It always starts the same way. You spend several years bonding with your friends. Maybe it starts in high school, where you steal the principal’s car and return it painted pink. Or, you pull all-nighters in college cramming with your dorm buddies, battling the confusion you created yourself with the mix of caffeine, nicotine and alcohol in your blood. Or, in my case, you join a big band, and you find yourself naked in a hot tub with dudes showcasing their goods like it’s no big deal. Through common experience and struggles, you build deep friendships.

Then, they start a family, and something changes. They smile like they slipped out of a giant pod in their basement – they joined the “program.” As more kids start showing up in photos, they begin to wonder why you haven’t joined the program. My friend Vince loves to taunt me every chance he gets to give up my efforts in Hollywood, as he attempts to lure me with the “excitement” of starting a family and getting a regular job back in Chicago. These family advocates seem to have a quota for how many friends they can get to become parents. I’ve finally realized why they are so persistent. The Parenthood Program is a pyramid scheme.

Think about it. Once they join, they have nothing but amazing success stories to share about the rewards of the Parenthood Program. They do touch on the hard work, but it’s downplayed to be sure. It’s a solid sell. As they show you the tee-ball and beach trip photos, you genuinely look at each one carefully. You think to yourself, “boy, they all sure seem happy.” You begin to share the excitement of their lives, and it almost seems like a reasonable way of life. Then you try it out. You baby-sit. It’s the same reason you buy Amway cleaning spray from your brother-in-law — you want to be supportive. But, over time, they increase the pressure to become more involved. They want you to sell the spray yourself. They want you to join the Parenthood Program.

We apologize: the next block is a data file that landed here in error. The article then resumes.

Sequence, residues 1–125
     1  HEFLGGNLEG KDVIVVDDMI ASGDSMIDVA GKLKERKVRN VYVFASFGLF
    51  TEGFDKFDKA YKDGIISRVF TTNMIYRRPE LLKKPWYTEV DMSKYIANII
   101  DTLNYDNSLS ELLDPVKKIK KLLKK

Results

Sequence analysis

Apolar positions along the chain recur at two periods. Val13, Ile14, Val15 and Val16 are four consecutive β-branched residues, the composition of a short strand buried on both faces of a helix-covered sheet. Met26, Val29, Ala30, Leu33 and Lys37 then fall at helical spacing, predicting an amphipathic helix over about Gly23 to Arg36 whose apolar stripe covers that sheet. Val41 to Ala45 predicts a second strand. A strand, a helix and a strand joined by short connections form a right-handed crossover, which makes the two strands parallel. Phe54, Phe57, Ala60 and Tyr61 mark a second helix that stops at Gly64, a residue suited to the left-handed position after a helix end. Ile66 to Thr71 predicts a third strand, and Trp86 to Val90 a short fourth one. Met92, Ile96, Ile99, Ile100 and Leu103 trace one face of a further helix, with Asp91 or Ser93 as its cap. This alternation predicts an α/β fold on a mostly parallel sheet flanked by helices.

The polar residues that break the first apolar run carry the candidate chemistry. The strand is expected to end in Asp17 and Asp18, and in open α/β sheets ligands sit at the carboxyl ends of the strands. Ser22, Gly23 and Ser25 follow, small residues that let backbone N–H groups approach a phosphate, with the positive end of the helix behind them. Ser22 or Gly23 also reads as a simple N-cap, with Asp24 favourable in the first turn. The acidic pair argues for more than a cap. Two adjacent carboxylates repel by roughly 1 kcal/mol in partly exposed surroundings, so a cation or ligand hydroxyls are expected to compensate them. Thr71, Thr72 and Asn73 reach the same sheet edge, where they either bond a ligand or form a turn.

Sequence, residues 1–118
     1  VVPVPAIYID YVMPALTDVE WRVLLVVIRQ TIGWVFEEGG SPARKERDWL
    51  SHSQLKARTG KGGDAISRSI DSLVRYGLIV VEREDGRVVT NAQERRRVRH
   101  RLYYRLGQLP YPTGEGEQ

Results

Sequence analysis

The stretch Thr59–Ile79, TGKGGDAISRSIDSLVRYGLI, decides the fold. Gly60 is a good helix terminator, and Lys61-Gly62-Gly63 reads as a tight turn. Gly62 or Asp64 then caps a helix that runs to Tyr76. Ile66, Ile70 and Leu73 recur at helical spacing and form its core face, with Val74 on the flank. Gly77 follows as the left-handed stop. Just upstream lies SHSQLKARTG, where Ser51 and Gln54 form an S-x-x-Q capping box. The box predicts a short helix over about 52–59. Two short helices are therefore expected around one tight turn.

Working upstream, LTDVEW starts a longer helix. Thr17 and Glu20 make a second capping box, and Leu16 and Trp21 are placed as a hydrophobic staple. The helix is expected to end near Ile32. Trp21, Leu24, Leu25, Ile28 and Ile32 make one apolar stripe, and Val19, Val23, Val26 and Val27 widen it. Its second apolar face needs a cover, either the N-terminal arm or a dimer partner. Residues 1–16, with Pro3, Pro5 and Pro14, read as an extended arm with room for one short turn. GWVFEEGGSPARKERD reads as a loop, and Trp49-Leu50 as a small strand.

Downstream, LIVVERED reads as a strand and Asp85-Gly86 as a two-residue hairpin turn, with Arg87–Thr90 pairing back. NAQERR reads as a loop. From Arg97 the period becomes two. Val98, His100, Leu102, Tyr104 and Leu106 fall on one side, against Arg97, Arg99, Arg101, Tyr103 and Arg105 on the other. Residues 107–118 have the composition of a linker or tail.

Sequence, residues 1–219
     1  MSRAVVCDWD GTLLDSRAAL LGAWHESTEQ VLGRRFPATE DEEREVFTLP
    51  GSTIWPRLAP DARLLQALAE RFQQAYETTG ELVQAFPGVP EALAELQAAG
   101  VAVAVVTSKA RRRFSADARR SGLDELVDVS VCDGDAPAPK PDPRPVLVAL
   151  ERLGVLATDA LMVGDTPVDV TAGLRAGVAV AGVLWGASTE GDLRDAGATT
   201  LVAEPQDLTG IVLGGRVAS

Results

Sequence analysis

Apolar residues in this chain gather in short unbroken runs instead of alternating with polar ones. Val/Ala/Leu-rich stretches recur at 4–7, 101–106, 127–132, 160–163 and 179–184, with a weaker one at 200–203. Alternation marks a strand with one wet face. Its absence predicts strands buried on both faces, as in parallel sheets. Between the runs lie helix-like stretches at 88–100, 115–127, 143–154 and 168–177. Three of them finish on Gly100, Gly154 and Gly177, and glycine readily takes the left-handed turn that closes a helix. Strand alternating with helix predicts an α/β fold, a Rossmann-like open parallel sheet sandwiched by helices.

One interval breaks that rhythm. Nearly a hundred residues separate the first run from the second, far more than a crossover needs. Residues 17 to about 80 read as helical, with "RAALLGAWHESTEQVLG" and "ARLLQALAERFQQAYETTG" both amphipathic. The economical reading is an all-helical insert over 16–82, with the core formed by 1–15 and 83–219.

Meanwhile, I’m not really in a place to start a family. Although I’m afraid the limited window of opportunity for the Parenthood Program could be closing soon, I also recognize that switching gears right now is not realistic. My wife will be traveling this summer for training, and then starts a new job in the fall. I’m focusing all my efforts on making something valuable out of the web series and other comedy projects in my developing arsenal. We’re just too into our own, happily self-centered paths right now. So, we decided this week to commit to a different plan for now – the cool Aunt and Uncle affiliate program.